2015 GSA Annual Meeting in Baltimore, Maryland, USA (1-4 November 2015)

Paper No. 41-22
Presentation Time: 9:00 AM-5:30 PM


BREEN, Paige1, D'HAENENS, Simon2, EDGAR, Kirsty3 and HULL, Pincelli1, (1)Geology and Geophysics, Yale University, New Haven, CT 06511, (2)Department of Geology and Geophysics, Yale University, 210 Whitney Avenue, New Haven, CT 06511, (3)School of Earth Sciences, University of Bristol, Bristol, BS8 1RJ, United Kingdom, paige.breen@yale.edu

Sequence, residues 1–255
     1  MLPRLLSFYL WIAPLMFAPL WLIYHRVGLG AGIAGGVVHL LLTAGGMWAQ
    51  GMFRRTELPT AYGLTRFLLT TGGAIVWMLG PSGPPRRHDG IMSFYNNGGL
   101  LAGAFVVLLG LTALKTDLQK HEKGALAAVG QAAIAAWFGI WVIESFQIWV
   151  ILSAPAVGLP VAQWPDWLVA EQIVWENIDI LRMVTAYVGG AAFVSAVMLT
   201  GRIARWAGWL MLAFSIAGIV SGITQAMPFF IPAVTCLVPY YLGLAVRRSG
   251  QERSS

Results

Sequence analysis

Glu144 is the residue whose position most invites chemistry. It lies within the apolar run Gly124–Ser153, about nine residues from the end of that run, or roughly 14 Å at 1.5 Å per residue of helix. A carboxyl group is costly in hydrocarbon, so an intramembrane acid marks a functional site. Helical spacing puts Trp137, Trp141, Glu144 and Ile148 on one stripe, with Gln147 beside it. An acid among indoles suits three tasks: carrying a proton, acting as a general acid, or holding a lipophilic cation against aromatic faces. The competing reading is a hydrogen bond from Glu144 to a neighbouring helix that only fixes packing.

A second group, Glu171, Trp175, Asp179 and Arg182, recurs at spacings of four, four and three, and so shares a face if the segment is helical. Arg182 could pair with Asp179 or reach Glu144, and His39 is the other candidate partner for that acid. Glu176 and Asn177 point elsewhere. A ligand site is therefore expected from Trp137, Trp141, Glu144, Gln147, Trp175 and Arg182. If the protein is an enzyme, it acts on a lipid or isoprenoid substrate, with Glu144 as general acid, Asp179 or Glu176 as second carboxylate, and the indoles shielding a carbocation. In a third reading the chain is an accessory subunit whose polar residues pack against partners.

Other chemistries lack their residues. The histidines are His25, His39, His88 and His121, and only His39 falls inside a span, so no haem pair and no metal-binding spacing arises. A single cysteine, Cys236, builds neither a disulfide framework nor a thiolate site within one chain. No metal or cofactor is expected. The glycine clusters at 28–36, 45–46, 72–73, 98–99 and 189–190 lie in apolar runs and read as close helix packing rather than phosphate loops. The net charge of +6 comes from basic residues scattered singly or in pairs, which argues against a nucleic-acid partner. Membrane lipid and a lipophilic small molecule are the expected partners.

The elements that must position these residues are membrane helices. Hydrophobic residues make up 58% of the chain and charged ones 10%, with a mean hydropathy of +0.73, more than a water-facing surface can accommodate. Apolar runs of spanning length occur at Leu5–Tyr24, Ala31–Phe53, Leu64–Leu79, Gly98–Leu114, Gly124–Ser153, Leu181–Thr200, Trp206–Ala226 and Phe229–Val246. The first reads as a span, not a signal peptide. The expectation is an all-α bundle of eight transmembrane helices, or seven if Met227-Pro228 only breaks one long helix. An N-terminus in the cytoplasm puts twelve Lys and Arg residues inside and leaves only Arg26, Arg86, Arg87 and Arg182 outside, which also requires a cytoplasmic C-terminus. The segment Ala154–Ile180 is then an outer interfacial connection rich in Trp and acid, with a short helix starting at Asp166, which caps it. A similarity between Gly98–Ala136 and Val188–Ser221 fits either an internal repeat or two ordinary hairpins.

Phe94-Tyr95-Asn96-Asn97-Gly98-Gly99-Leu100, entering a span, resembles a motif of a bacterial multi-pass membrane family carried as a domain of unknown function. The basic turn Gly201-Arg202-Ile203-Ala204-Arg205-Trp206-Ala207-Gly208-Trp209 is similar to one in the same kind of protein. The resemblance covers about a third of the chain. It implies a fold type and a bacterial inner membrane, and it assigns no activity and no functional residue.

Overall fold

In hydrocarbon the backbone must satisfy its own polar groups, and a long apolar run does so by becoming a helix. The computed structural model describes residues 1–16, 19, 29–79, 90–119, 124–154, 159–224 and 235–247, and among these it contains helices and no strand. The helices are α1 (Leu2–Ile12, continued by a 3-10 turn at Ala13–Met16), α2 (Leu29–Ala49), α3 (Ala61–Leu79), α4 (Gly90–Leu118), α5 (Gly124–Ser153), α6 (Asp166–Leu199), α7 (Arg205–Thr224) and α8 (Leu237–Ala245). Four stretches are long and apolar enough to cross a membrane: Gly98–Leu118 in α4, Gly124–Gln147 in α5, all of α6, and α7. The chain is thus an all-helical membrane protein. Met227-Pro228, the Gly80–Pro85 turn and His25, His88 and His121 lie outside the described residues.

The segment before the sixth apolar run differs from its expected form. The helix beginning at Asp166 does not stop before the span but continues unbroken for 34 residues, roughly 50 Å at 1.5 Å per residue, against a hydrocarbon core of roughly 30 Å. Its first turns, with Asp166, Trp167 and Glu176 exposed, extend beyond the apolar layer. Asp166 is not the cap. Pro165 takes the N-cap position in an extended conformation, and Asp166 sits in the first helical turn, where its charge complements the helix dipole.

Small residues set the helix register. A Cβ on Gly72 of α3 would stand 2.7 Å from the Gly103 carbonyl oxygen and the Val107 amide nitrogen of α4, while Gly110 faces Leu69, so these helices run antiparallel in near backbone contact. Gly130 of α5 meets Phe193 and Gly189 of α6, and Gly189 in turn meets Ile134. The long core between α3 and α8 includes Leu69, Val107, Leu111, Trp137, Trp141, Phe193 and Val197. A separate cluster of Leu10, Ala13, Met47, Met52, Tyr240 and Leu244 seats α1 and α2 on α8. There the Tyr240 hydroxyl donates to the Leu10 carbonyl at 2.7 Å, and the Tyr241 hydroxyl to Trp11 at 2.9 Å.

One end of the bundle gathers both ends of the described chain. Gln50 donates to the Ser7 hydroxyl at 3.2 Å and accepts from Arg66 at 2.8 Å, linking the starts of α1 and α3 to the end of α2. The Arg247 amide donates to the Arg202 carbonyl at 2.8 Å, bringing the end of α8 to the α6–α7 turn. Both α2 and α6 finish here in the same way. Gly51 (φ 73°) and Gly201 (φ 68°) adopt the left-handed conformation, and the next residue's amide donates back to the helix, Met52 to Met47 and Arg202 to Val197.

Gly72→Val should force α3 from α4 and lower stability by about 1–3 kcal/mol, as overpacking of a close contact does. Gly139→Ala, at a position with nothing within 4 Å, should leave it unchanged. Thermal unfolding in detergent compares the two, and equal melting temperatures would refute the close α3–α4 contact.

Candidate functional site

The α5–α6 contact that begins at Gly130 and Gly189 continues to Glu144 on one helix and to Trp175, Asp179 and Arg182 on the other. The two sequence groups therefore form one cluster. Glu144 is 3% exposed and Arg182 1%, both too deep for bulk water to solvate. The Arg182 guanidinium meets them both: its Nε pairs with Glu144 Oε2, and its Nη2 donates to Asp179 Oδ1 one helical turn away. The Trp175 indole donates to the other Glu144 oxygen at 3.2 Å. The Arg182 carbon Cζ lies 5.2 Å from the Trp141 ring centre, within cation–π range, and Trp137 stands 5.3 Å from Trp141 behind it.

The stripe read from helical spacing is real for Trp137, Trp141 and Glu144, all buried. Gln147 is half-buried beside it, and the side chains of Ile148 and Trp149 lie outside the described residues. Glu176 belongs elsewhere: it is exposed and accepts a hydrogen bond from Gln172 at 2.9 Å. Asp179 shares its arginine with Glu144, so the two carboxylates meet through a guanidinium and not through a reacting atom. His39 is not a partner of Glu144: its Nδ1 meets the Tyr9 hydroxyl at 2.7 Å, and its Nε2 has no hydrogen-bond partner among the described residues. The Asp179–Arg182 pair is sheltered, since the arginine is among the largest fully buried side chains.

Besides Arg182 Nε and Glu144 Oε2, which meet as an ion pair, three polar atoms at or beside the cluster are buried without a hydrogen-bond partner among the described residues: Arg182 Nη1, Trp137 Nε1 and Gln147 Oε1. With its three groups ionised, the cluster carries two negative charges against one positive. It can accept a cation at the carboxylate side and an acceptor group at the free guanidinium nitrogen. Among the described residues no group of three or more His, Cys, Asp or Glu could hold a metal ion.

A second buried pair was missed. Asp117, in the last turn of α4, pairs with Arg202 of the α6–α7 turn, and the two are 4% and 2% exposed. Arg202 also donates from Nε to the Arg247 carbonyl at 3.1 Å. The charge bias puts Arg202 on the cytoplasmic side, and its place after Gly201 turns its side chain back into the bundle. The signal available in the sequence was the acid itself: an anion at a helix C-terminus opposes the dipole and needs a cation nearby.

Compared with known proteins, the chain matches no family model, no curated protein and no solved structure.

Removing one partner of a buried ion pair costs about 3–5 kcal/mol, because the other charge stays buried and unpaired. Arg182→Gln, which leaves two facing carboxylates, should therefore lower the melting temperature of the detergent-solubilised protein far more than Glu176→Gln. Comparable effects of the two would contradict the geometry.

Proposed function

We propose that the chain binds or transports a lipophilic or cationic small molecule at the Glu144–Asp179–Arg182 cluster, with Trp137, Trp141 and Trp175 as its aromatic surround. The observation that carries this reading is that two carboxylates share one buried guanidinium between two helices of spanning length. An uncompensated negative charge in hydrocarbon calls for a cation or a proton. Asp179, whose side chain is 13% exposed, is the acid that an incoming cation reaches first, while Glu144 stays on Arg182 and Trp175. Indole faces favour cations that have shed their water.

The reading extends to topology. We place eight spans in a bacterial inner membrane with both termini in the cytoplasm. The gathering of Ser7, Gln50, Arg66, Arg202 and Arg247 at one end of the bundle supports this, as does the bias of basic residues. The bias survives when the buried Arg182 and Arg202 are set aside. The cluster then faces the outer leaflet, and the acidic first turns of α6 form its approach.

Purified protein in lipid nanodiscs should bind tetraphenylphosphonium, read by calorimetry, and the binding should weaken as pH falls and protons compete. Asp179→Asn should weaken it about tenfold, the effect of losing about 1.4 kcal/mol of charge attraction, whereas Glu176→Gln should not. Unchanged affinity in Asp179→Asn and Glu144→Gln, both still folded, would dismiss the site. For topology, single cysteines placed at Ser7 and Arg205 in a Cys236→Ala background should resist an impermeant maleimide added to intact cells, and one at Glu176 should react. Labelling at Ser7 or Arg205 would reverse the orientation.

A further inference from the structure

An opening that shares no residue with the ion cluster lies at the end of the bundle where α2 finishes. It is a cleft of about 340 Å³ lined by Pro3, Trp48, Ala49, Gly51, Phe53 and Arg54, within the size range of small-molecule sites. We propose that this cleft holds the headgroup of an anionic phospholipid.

The Eocene (~34-56 Ma), a warm epoch resulting from particularly high greenhouse gas concentrations, is often used as an analog for Earth’s anticipated climate. Of particular interest is how biogeochemical cycles such as the biological carbon pump functioned under these greenhouse conditions. Few sites have the excellent fossil preservation needed to use traditional biological pump proxies like multi-species carbon isotopes in planktic foraminifera. This project focuses on five samples from one such site in the North Atlantic, Expedition 342 Site 1408 at 41° 26.3'N, that span the middle Eocene (planktic foraminiferal Zones E9 through E13). In total, 20 macroperforate species across 11 genera (Acarinina, Catapsydrax, Globigerinatheka, Globoturborotalita, Guembelitrioides, Hantkenina, Morozovelloides, Orbulinoides, Praemurica?, Subbotina, and Turborotalia) have been analyzed from these samples for stable carbon and oxygen isotopes in up to six narrow sieve size fractions. Analyzed taxa span a range of water column depths and include measurements from never-before-analyzed Praemurica? lozanoi and Globigerinatheka barri. Surprisingly, initial measurements have produced δ13C results within one per mille of measurements made on the same genera in Tanzania, a much lower latitude site than Site U1408. Carbon isotope gradients between surface and deeper dwelling species increase in the sample dated from Zone E12, suggesting greater remineralization in the surface ocean during this period of global warmth. Ultimately, we hope this data will provide new insights into carbon cycling in the Eocene.